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(LEAD) Legislative battles brew as extra parliamentary session begins

All Headlines 15:37 January 30, 2018

(ATTN: REWRITES lead; CHANGES photo; UPDATES throughout; TRIMS)

SEOUL, Jan. 30 (Yonhap) -- The National Assembly on Tuesday kicked off a monthlong extraordinary session with rival parties bracing for legislative battles over a series of pending bills, a constitutional revision and other political issues.

The parties first passed a set of bills aimed at bolstering the country's firefighting capabilities in the wake of last week's hospital fire in the southeastern city of Miryang that killed 39 people.

Policy speeches by the leaders of three major parties are set for Wednesday through Friday, while the parliamentary interpellation of the government will take place from Feb. 5-7. The legislature will hold plenary sessions on Feb. 20 and 28 to pass pending bills.

During the session, the ruling Democratic Party hopes to pass an array of bills designed to enhance people's livelihoods, including those concerning the protection of small enterprises and merchants from unfair business practices.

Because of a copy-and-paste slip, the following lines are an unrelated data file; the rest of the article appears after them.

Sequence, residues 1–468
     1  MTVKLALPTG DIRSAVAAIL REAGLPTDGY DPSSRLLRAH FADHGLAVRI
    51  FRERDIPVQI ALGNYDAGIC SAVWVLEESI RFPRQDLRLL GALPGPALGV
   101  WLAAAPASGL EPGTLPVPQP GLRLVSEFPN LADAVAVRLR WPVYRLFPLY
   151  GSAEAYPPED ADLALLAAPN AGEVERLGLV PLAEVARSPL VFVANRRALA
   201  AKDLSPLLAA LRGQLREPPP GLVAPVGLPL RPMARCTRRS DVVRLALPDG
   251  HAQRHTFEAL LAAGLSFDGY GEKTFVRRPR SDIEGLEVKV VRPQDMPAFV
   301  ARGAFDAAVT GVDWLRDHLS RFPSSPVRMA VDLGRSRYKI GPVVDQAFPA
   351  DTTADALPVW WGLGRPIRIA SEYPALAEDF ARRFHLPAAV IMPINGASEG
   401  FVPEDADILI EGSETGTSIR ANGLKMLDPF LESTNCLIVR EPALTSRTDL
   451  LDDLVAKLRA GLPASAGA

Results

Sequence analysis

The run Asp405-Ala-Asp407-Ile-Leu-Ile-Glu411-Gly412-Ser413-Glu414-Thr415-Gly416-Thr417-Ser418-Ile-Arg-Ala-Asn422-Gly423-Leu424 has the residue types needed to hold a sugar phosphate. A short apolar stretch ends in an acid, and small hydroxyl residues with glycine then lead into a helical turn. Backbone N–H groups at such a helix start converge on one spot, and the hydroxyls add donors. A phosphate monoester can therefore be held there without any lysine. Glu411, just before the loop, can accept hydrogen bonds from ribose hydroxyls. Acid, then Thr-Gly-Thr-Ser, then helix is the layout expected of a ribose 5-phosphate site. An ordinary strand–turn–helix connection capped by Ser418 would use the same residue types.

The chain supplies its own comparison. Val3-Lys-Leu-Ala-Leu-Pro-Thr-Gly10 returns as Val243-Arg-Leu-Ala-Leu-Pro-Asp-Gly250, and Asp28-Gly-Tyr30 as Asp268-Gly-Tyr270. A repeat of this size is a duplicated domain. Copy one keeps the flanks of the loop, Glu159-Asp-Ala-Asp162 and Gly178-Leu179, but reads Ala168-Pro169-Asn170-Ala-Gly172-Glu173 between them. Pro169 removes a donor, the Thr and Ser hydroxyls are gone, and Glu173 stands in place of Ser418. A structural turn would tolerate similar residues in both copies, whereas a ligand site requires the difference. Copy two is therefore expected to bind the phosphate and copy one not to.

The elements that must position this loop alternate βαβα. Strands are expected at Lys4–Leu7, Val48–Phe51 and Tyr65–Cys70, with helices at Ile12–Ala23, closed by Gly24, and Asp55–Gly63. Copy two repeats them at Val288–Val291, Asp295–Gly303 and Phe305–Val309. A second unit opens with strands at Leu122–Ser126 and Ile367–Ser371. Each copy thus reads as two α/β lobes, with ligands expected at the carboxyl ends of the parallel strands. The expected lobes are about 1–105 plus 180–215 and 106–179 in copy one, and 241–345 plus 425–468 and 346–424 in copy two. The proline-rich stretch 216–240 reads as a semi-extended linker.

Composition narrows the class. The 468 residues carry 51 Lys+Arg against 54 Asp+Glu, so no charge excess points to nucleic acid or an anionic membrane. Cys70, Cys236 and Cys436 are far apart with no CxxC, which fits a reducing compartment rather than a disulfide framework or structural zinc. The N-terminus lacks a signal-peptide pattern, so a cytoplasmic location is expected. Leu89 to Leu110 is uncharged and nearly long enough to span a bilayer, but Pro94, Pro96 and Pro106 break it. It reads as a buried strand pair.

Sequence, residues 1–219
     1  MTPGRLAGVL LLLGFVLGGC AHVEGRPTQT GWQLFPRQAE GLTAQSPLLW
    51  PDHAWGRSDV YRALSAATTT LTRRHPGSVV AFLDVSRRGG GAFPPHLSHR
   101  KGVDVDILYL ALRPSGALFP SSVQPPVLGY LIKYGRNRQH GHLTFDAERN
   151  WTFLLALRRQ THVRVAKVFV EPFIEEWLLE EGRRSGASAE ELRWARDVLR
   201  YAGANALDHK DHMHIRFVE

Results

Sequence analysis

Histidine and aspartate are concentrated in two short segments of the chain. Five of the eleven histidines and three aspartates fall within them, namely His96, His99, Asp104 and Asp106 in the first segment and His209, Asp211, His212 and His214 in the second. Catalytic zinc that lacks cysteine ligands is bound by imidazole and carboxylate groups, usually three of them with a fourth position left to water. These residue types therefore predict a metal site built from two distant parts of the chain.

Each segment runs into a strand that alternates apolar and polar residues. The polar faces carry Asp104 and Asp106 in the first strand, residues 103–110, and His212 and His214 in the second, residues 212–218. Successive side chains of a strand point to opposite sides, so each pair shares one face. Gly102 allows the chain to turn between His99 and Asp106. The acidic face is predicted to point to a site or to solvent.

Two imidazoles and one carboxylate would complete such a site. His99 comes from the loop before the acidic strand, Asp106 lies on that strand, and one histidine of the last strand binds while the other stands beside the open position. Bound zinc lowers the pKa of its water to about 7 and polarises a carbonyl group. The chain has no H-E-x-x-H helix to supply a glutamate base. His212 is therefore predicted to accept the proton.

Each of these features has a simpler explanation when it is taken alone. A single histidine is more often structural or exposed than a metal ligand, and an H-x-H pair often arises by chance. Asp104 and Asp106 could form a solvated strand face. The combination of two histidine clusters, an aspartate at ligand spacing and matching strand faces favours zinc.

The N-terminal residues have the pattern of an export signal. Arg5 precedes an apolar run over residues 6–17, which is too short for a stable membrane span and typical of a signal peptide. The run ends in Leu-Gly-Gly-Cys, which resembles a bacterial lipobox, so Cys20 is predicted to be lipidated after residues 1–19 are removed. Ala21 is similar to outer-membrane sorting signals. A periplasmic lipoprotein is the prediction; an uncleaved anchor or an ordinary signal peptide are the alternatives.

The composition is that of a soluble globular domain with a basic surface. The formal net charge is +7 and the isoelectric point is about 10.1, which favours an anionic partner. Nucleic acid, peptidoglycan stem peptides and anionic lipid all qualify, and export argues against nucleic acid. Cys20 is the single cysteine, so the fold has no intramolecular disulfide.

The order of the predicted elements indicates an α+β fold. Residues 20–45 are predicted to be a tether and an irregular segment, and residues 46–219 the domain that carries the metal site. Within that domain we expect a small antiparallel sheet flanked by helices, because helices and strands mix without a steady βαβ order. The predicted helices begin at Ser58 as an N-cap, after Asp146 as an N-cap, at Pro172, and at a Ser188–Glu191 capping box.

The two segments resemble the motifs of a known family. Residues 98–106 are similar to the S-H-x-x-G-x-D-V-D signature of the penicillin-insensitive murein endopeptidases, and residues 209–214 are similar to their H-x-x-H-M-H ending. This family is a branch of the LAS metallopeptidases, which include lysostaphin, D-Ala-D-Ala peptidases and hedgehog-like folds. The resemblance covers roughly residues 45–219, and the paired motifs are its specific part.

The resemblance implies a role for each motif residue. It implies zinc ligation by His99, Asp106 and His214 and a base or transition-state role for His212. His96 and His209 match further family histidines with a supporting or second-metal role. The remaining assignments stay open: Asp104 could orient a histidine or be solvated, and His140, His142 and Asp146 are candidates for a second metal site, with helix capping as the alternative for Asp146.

The main opposition Liberty Korea Party (LKP) and People's Party seek to pass a set of long-stalled bills aimed at creating regulation-free zones to foster new growth engines and developing service industries.

During the session, the rewrite of the decades-old Constitution is likely to put the rival parties on a collision course.

The parties largely share the need to alter the charter to address the current concentration of powers in a single leader, which has long been blamed for abuse of power, corruption and political polarization. But they have yet to build consensus over when and how to revise the law.

Marking the opening of the session, National Assembly Speaker Chung Sye-kyun renewed his call for a broad amendment.

"(Through the revision), we have to strengthen people's rights and regional autonomy, and diffuse presidential powers to ensure a normal separation of three powers," Chung said.

National Assembly Speaker Chung Sye-kyun presides over a parliamentary plenary session at the National Assembly's main chamber in Seoul on Jan. 30, 2018. (Yonhap)

Earlier this month, President Moon Jae-in called on the parties to reach an agreement on the revision by late February, table their revision motion in March and agree to hold a plebiscite on the issue at the same time as the June local elections. But the LKP disagrees with the proposed schedule.

A constitutional amendment requires approval from two-thirds of all 299 lawmakers in the unicameral parliament and a majority of voters in a referendum.

Another bone of contention is the government's push to reform powerful state organizations, such as the prosecution and spy agency, which have long been accused of political bias, power abuse and corruption. Rival parties remain apart over how to revamp them.


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